Without Injured Stars, Bengals Need Others to Step Up


Photo by Patrick Smith/Getty Images

The Cincinnati Bengals offense is going through some forced growing pains. Without A.J. Green and Giovani Beranrd, the team is without two players accountable for over 40 percent of its total offense, and roughly 60 percent of the scoring offense. Offensive coordinator Ken Zampese now has to rely on added production from rookies like Tyler Boyd and Cody Core, as well as established yet seldom-used veterans like James Wright and Rex Burkhead. It’s not a flashy situation, as none of those four players have shown an ability to change the dynamic of a game like A.J. or Gio can. That said, there’s a way to win with these guys, but it can’t be done by continuing to play as if you still have your dynamic playmakers. Tyler Eifert will draw more prioritized coverage now that offenses don’t have to worry about doubling a premier receiver on the boundary. And while the offense may have stunk up the joint on Sunday, there were plays that showed a glimmer of (relative) hope for this team in the coming weeks, and enough individuals stepped up to make me believe that winning a game this season without A.J. Green is possible.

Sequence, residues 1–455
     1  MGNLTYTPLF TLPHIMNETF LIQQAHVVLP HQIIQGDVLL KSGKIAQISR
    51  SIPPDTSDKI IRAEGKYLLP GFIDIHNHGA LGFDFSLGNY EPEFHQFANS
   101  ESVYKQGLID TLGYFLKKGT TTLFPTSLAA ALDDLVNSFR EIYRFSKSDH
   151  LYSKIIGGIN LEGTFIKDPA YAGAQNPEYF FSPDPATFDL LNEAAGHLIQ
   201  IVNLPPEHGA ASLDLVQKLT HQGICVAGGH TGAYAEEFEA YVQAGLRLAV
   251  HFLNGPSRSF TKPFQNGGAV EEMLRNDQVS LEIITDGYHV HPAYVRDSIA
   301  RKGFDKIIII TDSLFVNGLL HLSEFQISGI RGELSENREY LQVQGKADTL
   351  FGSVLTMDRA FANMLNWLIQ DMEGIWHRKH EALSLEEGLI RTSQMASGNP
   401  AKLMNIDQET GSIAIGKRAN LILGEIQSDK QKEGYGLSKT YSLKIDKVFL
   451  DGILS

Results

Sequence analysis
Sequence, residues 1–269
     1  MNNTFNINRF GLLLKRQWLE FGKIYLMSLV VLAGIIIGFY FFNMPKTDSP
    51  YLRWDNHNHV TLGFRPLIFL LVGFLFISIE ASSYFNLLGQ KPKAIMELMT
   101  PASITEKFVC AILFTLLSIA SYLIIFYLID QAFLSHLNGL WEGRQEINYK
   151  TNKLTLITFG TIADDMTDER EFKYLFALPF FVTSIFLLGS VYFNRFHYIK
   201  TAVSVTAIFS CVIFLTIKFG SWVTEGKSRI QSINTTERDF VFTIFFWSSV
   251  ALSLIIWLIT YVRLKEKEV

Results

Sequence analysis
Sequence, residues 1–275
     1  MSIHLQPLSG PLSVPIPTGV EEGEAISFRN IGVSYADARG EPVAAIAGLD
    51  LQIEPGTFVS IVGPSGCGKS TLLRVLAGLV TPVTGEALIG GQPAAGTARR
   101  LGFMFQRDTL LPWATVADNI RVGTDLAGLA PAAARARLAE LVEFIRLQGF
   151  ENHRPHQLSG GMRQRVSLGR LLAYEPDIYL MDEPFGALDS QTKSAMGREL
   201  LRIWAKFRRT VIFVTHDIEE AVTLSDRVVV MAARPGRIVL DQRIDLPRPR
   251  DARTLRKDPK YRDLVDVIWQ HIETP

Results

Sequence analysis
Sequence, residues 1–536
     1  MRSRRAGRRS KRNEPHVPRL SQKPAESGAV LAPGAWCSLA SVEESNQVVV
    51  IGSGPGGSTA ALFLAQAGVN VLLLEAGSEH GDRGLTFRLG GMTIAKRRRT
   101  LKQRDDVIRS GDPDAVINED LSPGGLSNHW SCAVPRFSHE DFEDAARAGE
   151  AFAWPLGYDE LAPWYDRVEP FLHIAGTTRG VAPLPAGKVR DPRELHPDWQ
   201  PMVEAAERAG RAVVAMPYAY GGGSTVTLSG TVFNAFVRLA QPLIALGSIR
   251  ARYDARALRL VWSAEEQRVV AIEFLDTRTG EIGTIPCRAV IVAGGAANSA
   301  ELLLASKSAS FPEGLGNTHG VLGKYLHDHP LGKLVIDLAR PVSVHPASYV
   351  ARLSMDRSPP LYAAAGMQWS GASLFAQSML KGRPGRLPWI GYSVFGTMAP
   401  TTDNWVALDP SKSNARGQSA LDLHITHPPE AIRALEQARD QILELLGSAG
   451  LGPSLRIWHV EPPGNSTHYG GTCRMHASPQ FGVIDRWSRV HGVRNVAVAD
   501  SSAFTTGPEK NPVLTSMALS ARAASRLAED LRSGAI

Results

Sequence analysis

Tyler Boyd seems to have stepped up the most. The second-round pick has been used sparingly throughout the year, though as the season has progressed he’s become a more focal point in the offense. The out route he uses in the above GIF is a pattern he had success with multiple times in this game, on both sides of the field. Notice that the defensive back is positioned to take away inside positioning, so Boyd helps himself by running slightly inward before breaking out, giving him more room to work with. This also gives Andy Dalton an easier throw, as he has more field to cover without worrying of leading Boyd out of bounds. Subtle differences like this are what make Boyd such a good route runner, even as a rookie. That technique is largely what made him a second-round pick, as his physical skill set isn’t going to blow anyone away. But with excellent technique and routes, he’s likely to have a long and prosperous NFL career.

While it’s nice to have rookies step up when needed, times like these also call for a step up from your more dependable veteran players: Brandon LaFell and Tyler Eifert.

Without Green, it’s going to be more and more difficult to try and feature Eifert as a focal point in the offense. He’s still going to be a reliable target in the red zone, but beyond that, the team may have to take what the defense will give them. The above seam route is an example of the defense specifically trying to take away Eifert, but 85 being just too much. He’s jammed at the line of scrimmage to help the linebacker covering him buy some time, but even then Eifert is able to get up to speed quickly and sit behind the defender for a large gain. You’re likely to see a lot of these types of plays from Eifert, as he’s going to have to work to get open more than he ever has in the NFL. Brandon LaFell, on the other hand, can keep helping Dalton by connecting on good timing patterns and being a reliable number two receiver.